Sportsmanship: Lost and Found


     Remember Howard Cosell?  Never knew anyone who was lukewarm about him or his sports reporting, most famously on Monday Night Football and whenever he could get close to Ali, which was often.  Ali, self-proclaimed “The Greatest” with good reason, knew a good thing when he saw it, and Cosell was great for Ali, augmenting Ali’s effective self-promotion seemingly on television every day.   “Sports is the toy department of human life” is a famous Cosell quote of yesterday, but today sports is often a regrettable example of rude, childish, and dangerous behavior.  Coaches and players at all levels, rant, rave, argue, dance, punch each other, proclaim they are out there to take a player out of the game, toss clipboards and headsets, throw tantrums that would embarrass a three year-old, and so on. 

     Even the television announcers get into the act, pointing out players and coaches who are “working the officials” to “get them thinking about their next call.”  What does that have to do with sports?

     We more mature veterans of life, at least those of us who have played some ball, often observe to each other how coaches and players of our day would be laughed at if not simply tossed out of a game or even kicked off a team for much of the rude and classless and downright dangerous behavior so prevalent in many of today’s athletic contests. 

     But there are still coaches and players who manage to provide a good example of what it means to be a good sport, to savor the competition but not be consumed by it, and to approach sports with a sense of respect and gratitude for the privilege of being healthy and able to compete.

     Witness a recent letter from Illinois High School Association (IHSA) Assistant Executive Director Matt Troha to Chicago’s Mt. Carmel High School’s Father Carl, Coach Lenti and others following Carmel’s loss to Maine South in a state championship football game played on November 27, 2010.  Mr. Troha escorted the Mt. Carmel team to the postgame awards ceremony, photo, and press conference.  A few quotations from Mr. Troha’s letter:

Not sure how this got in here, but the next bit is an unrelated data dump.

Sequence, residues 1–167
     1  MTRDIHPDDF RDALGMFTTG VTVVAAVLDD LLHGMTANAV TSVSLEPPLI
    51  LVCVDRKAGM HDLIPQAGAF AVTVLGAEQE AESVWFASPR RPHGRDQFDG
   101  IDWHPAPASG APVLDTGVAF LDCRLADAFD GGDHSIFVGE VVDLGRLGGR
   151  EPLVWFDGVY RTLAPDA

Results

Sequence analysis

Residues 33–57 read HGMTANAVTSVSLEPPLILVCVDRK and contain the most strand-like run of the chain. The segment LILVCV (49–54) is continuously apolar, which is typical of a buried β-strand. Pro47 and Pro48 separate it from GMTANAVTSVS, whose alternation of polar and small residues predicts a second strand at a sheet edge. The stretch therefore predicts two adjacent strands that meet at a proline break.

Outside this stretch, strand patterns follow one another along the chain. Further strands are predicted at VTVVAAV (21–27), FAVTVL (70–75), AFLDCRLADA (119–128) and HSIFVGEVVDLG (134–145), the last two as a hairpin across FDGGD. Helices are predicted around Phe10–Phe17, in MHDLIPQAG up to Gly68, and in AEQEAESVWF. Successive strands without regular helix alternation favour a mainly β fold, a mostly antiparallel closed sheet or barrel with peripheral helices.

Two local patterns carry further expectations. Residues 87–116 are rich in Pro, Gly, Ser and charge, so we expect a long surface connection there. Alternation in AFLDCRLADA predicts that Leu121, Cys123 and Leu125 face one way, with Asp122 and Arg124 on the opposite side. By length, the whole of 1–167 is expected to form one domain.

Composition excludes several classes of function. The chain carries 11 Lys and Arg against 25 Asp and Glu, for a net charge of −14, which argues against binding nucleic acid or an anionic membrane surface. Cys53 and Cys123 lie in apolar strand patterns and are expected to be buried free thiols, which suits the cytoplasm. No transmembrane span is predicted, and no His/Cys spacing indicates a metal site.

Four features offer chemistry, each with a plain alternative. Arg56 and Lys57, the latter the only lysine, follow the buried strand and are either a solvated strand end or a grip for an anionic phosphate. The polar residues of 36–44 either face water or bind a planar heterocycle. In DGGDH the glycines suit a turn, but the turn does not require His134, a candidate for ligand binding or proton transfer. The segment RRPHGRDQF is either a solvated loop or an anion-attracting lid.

“…As you can probably imagine, attempting to gather a group of teenagers who have just undergone the greatest heartbreak of their young athletic careers is no enviable task.

…At the conclusion of the contest, after briefly addressing the team, Coach Lenti instructed the players to report to the stage area for the trophy/medal presentation.  Despite the disappointment each of those players were feeling at that very moment, as a team they gathered themselves and followed their captains on a jog to the stage….After Mount Carmel’s portion of the awards ceremony ended, a few players began to turn to walk toward the locker room, but were quickly told by No. 4 (who I would later identify from the roster as senior captain and quarterback Chris Sujka)that the team would stay put and clap for their opponent as they received their awards….I felt your young men showed an incredible amount of integrity in this action, as it was clear that they would have offered this respect to any opponent, in victory or defeat….so I simply wanted to take the time to let you know that in a season where it was awarded the second-place trophy, the Mount Carmel football program remains first class.”

     Yeah, yeah – I’m a proud member of the Class of 1957 and more than a little inclined to favor all things Mt. Carmel, and receiving this letter once again reminds me of how lucky I am to be a part of the Mt. Carmel family.  And doesn’t a display of real sportsmanship still make us sit up and take notice? 

     One of the many quotes we had to learn as Air Force Academy cadets was this one from General Douglas MacArthur: “On the fields of friendly strife are sewn the seeds that on other days and other fields shall bear the fruits of victory.”  Today’s coaches should put more emphasis on the phrase “friendly strife” and supplement friendly with a few other adjectives such as classy and, yes,  respectful. 

     Play hard and support your team with great enthusiasm, but also with basic human decency, good manners, and always with class and sportsmanship.

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